4 4. Derangements Starting with n objects, how many different permutations are there such that none of the objects end up in their original positions? Such permutations are called derangements or permutations with no fixed points. In general, there are n! possible permutations of n objects. In this section, we shall count the number of possible derangements of n objects, which we shall denote by the symbol D n. The derivation of D n will be based on the inclusion-exclusion principle. Let A i be the subset of the set of permutations of n objects such that the ith object alone ends up in its original position under the permutation. Then A 1 A 2 A n counts the number of permutations in which at least one of the n objects ends up in its original position. Since there are n! possible permutations of n objects, it follows that the number of permutations such that none of the objects end up in their original positions, i.e. the total number of derangements of n objects, is given by D n = n! A 1 A 2 A n. (9) Onecancompute A 1 A 2 A n using theinclusive-exclusive principle [cf. eq. (6)]. First, A i = (n 1)!, since if exactly one of the n objects ends up in its original position, that leaves the other n 1 objects to be freely permuted in (n 1)! possible ways. Hence, A i = n (n 1)! = n!, since there are n terms in the sum. Second, A i A j = (n 2)!, since if exactly two of the n objects end up in their original positions, that leaves the other n 2 objects to be freely permuted in (n 2)! possible ways. Hence, A i A j = (n 2)!C(n,2) = (n 2)! n(n 1) 2! since there are C(n,2) terms in the sum above. Third, A i A j A k = (n 3)!, = n! 2!, since if exactly three of the n objects end up in their original positions, that leaves the other n 3 objects to be freely permuted in (n 3)! possible ways. Hence, <k P(A i A j A k ) = (n 3)!C(n,3) = (n 3)! n(n 1)(n 2) 3! since there are C(n,3) terms in the sum above. = n! 3!, 4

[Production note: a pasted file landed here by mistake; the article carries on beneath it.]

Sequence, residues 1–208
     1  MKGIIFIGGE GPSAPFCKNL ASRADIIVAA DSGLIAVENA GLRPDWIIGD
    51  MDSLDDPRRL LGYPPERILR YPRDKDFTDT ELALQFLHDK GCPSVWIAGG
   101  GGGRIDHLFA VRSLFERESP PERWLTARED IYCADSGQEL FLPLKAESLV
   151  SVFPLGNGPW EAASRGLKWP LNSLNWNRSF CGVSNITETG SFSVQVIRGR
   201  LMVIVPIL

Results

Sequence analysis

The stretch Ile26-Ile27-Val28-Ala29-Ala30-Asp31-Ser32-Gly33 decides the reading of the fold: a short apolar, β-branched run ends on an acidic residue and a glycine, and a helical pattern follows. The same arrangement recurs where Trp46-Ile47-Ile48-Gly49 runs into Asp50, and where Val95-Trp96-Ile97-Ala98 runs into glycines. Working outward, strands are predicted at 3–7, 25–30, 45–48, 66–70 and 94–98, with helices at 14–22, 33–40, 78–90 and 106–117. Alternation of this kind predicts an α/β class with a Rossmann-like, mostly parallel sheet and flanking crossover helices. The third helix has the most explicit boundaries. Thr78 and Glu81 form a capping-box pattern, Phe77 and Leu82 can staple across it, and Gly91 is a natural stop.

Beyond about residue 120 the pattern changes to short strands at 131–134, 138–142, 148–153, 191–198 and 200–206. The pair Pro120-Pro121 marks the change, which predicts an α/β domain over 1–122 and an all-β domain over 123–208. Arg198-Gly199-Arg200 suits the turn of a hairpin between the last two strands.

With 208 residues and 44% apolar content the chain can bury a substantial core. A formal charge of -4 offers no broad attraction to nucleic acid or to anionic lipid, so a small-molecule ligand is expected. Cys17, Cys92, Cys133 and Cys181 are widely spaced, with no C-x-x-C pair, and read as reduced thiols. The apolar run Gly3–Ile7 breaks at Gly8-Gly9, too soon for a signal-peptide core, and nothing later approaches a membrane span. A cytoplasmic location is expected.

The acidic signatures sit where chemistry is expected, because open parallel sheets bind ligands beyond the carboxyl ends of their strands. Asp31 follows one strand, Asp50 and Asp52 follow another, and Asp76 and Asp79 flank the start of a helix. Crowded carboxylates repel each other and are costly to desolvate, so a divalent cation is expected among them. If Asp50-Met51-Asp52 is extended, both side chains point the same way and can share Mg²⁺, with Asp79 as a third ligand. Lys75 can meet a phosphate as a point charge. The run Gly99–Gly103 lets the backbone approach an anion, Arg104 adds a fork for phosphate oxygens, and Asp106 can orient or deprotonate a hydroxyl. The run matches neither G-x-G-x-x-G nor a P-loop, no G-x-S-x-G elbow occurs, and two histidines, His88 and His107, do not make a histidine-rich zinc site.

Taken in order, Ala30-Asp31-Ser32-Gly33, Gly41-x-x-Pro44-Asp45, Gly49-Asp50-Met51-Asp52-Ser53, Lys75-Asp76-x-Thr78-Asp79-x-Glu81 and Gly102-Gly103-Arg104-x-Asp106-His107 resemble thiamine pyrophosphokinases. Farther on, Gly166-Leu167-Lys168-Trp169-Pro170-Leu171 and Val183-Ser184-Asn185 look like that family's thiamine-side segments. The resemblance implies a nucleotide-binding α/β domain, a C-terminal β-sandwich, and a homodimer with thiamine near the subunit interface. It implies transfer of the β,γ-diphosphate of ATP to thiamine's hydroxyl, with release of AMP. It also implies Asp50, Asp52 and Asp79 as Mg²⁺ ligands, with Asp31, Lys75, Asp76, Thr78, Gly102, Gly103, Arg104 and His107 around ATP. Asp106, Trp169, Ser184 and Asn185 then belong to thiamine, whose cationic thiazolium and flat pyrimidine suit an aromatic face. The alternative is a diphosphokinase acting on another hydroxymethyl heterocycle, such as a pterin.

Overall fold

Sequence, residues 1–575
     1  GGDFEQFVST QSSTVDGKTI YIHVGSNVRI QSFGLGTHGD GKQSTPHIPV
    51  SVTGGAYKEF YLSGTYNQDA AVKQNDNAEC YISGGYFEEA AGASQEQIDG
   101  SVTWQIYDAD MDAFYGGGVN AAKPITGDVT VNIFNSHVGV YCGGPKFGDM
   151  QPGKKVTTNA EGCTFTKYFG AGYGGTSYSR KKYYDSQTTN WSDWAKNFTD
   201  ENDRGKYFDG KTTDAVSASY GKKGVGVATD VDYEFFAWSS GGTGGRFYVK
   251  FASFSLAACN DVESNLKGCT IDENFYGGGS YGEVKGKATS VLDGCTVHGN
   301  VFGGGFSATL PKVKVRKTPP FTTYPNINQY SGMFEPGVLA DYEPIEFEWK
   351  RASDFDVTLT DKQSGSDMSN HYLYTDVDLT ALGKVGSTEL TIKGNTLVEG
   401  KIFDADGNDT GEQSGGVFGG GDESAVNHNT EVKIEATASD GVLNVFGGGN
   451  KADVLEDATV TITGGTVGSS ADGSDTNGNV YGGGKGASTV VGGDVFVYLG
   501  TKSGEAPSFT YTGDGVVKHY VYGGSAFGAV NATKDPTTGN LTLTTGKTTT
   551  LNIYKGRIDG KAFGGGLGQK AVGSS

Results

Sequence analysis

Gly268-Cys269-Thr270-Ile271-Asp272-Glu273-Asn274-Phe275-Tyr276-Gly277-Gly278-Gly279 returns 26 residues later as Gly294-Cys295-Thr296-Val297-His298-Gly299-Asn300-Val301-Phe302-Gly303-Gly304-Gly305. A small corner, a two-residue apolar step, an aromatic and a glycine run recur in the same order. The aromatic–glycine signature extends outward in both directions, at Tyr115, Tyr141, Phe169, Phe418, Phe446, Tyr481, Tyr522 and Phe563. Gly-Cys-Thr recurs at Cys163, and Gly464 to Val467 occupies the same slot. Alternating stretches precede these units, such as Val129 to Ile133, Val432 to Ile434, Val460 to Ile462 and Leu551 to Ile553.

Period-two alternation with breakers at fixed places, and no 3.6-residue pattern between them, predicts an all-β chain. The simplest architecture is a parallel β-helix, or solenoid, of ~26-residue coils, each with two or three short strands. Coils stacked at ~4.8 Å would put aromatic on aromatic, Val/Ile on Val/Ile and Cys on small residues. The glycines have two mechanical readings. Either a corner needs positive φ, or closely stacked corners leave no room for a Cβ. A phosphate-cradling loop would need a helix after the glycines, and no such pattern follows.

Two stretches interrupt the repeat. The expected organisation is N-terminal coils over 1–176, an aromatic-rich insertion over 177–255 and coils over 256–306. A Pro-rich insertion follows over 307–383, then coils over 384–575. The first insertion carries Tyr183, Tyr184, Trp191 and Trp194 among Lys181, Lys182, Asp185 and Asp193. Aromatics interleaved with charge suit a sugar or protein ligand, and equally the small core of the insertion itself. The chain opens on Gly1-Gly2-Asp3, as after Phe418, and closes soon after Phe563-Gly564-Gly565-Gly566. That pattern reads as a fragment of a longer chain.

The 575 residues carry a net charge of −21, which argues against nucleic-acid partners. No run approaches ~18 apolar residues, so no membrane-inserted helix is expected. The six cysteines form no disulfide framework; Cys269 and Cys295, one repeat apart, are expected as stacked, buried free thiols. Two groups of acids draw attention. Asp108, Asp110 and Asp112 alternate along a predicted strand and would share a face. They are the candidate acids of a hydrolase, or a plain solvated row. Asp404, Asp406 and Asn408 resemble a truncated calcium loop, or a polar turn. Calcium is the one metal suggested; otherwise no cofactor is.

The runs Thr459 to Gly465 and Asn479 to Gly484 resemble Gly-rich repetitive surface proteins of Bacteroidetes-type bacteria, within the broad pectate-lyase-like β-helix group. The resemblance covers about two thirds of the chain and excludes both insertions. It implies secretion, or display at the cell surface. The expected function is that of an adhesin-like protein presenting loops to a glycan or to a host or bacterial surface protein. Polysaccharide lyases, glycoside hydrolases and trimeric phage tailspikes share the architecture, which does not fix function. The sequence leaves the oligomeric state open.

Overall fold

5 The pattern should be clear. When we reach the final term in eq. (6), we have A 1 A 2 A n = 1, which corresponds to all objects ending up in their original position. 4 Hence, eq. (6) yields [ A 1 A 2 A n = n! 1 1 2! + 1 3! 1 1 ] ( 1) k+1 4! + +( 1)n+1 = n!. n! k! Inserting this result into eq. (9) yields the number of derangements of n objects, ( 1) k D n = n!. (10) k! The probability that a permutation of n objects is a derangement is given by D n /n! since there are D n possible derangements and n! possible permutations. It is amusing to note that as n, the probability that a permutation of n objects is a derangement is given by D n ( 1) k lim P(derangement) = lim = = 1 n n n! k! e. Moreover, if n is large (in practical applications, any n greater than about 10 can be considered to be large), then the probability that the permutation of the n objects is a derangement is approximately 1/e almost independently of the precise value of n. An example of derangements arises in a very famous problem called the hat check problem in which n hats are checked by customers at a restaurant. Unfortunately the hat checkers fail to do their jobs, and the hats are hopelessly scrambled during storage. What is the probability that no customer gets his or her own hat back? This is equivalent to asking for the probability of a derangement of n objects. If the number of customers involved is large, then the probability is approximately 1/e k=1 References 1. Charles M. Grinstead and J. Laurie Snell, Introduction to Probability, 2nd edition (American Mathematical Society, Providence, RI, 1997). A free copy of this textbook is available from aids/books articles/ probability book/amsbook.mac.pdf under the terms of the GNU Free Documentation License. 2. Richard A. Brualdi, Introductory Combinatorics, 5th edition (Pearson Education, Inc., Upper Saddle River, NJ, 2010). A free copy of this textbook is available from courtesy of the China Machine Press. 4 This is the so-called trivial permutation of the original n objects in which none of the objects are permuted, which is counted as one of the n! possible permutations of n objects. 5